Though I cannot draw at all [hoe wel ick gansch niet teickenen kan], I have put the aspect of the wood to paper in red chalk to the best of my ability. I had a copy made in black chalk by someone else, but when I tried to print it, I made the paper a little too wet and thus mostly spoiled it. Though the copy was very accurate, I yet send you enclosed my red-chalk drawing, because the little vessels figured in it are smaller and agree better with the nature of the wood. (AdB, 3:164–167)25

Figure 11. 

Antoni van Leeuwenhoek, Oak wood, 12 January 1680. Red chalk on paper. 308 × 122 mm. London, Royal Society archives, EL/L1/49, p. 15 (detail). (Photo © The Royal Society).

Figure 11. 

Antoni van Leeuwenhoek, Oak wood, 12 January 1680. Red chalk on paper. 308 × 122 mm. London, Royal Society archives, EL/L1/49, p. 15 (detail). (Photo © The Royal Society).

This quotation gives us a wealth of information about Leeuwenhoek’s drawing practices in his comptoir in Delft. It is clear that he himself made the drawings in red chalk. He had copies made of his originals by “een ander,” or another person (not identifying the gender), with a different type of chalk (fig. 12). Was this done so that the different drawings could be easily distinguished? Or was there another reason for the change of drawing materials? Clearly the aim of making the copy was to be able to print (“afdrucken”) even more copies. This “printing” process was a manual copying process in which the reverse side of a drawing was rubbed with red or black chalk and put on a wet piece of paper. By tracing the original drawing with a piece of chalk or slightly pointed object, the outlines of the drawing would be transferred onto the wet paper (AdB, 3:164–65, fn 81/32). In the case of this drawing by Leeuwenhoek, he also sent a copy in black chalk to the Royal Society and we can see water damage in the image. However, from this drawing now at the Royal Society it is not clear whether it would have been the copy made “by someone else” or Leeuwenhoek’s own failed attempt at a copy. Interestingly, Leeuwenhoek also commented on the quality of the copy made by the other person as “very accurate,” but he was also critical about the size of “the little vessels” as portrayed by the copyist, and he preferred his own drawing. This was similar to a comment Leeuwenhoek made about the very first drawings he had made and sent to the Royal Society (of his observations on the sting of a bee), where he said that “the proportions have not been observed as accurately as I could have wished” (AdB, 1:42–43).26 Leeuwenhoek’s caution towards the skill of his draughtsmen and copyists shows a very important awareness of the function and role his images played in his communication with the Royal Society and others. He put himself in the role of an authority. Even though his drawing skills might not have been excellent, at least the drawing showed exactly the right proportions of the object observed. This means that the accuracy of the thing depicted was more important to him than the skill with which it was put on paper. In this way he made sure that the Fellows of the Royal Society could be certain that all the images he sent were the “precise” depictions of what he had seen through his microscope.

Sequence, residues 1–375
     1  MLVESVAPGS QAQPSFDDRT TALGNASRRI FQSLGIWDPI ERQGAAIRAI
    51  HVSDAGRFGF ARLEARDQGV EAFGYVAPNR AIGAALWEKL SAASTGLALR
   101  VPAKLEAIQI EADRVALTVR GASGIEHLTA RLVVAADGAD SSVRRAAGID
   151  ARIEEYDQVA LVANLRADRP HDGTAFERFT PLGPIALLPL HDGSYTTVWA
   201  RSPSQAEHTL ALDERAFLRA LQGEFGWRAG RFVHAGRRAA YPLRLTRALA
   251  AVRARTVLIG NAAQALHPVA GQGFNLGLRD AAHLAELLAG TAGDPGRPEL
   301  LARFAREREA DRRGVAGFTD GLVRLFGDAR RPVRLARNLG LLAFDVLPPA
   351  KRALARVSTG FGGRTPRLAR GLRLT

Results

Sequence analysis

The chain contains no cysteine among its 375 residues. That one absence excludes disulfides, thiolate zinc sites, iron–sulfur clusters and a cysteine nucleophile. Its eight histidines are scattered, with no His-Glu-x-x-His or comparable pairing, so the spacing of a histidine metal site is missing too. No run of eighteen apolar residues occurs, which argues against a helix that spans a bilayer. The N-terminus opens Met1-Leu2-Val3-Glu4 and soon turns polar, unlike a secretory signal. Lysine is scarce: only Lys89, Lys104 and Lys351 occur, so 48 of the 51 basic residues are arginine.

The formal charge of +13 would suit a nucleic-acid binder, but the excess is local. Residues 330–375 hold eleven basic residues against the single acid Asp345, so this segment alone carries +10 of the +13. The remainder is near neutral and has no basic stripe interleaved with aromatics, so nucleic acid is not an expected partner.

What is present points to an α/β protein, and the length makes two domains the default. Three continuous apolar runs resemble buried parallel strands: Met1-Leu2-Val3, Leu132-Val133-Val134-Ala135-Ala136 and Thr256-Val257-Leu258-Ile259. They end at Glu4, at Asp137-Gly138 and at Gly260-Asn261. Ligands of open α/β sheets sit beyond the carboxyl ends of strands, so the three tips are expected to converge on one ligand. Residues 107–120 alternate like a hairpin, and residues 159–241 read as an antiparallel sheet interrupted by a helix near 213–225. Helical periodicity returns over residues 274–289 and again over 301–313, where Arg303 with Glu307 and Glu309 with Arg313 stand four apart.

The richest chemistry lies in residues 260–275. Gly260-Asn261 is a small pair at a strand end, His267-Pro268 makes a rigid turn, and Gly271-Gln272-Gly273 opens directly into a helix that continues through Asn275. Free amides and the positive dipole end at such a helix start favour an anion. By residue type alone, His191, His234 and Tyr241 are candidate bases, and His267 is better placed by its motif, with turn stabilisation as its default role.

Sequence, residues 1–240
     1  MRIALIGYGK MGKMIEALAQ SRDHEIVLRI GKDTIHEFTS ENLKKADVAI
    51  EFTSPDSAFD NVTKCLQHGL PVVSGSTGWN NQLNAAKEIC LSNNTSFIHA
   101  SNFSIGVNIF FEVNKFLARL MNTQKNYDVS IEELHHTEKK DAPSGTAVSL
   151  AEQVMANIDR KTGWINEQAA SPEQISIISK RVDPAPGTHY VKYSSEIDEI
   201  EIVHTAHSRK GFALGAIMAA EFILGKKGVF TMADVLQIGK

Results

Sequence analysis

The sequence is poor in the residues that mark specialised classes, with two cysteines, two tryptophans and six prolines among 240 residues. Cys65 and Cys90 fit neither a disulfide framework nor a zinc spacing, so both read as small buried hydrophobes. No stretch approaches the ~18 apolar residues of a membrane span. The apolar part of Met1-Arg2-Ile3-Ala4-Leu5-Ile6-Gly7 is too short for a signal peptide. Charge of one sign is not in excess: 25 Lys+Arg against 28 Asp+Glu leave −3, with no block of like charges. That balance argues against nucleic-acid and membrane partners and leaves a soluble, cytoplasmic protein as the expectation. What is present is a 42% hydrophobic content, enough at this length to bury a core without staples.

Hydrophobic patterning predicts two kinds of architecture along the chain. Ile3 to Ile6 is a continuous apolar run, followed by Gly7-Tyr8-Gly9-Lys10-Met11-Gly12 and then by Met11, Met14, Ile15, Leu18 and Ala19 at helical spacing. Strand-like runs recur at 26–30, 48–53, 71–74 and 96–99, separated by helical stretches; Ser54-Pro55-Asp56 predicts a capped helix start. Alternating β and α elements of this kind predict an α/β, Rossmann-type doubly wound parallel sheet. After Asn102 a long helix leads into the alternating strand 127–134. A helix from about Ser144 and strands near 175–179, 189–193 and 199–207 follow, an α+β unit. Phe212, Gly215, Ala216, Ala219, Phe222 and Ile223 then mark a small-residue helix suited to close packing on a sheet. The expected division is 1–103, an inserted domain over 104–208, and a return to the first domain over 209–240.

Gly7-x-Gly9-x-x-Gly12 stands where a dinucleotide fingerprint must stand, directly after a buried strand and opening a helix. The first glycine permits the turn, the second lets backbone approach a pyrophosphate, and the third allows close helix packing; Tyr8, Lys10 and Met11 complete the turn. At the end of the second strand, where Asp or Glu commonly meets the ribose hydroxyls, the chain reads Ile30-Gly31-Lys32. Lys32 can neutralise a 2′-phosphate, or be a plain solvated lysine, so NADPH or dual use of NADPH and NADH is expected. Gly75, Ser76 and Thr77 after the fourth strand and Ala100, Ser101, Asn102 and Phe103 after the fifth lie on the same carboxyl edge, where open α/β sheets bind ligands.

Figure 12. 

Unknown copyist for Antoni van Leeuwenhoek, Oak wood, 12 January 1680. Graphite and ink on paper. 314 × 203 mm. London, Royal Society archives, EL/L1/49, p. 17. (Photo © The Royal Society).

Figure 12. 

Unknown copyist for Antoni van Leeuwenhoek, Oak wood, 12 January 1680. Graphite and ink on paper. 314 × 203 mm. London, Royal Society archives, EL/L1/49, p. 17. (Photo © The Royal Society).

Leeuwenhoek continued to send drawings by his own hand to the Royal Society in the following two years, with the last one on 3 March 1682, when he once more mentioned that he did what he could in terms of drawing, since he could not draw (“alsoo ik niet teikenen kan”) (AdB, 3:394–95).27 However, after this date, and for the next forty-one years of his correspondence with the Royal Society, he did not send any more drawings made by himself. That might have to do with his self-awareness as an untrained draughtsman. What seems more likely, however, is that he started collaborating more intensely with draughtsmen during the preparation of published versions of some of his letters that appeared with engraved illustrations from 1684 onwards. His letters were first published by Daniel van Gaesbeeck in Leiden, and according to the Opdragt, or preface, it was not Leeuwenhoek himself who approached him, but a physician from Delft, named Cornelius van ’s Gravesande (Leeuwenhoek 1684, Opdragt).28 Van Gaesbeeck also mentioned that the plate-cutter, or engraver, Abraham de Blois made the engravings for this publication. It is with the subsequent publications of more letters, by the publisher Cornelis Boutesteyn, that Leeuwenhoek started his own collaboration with printers, publishers, and plate-cutters.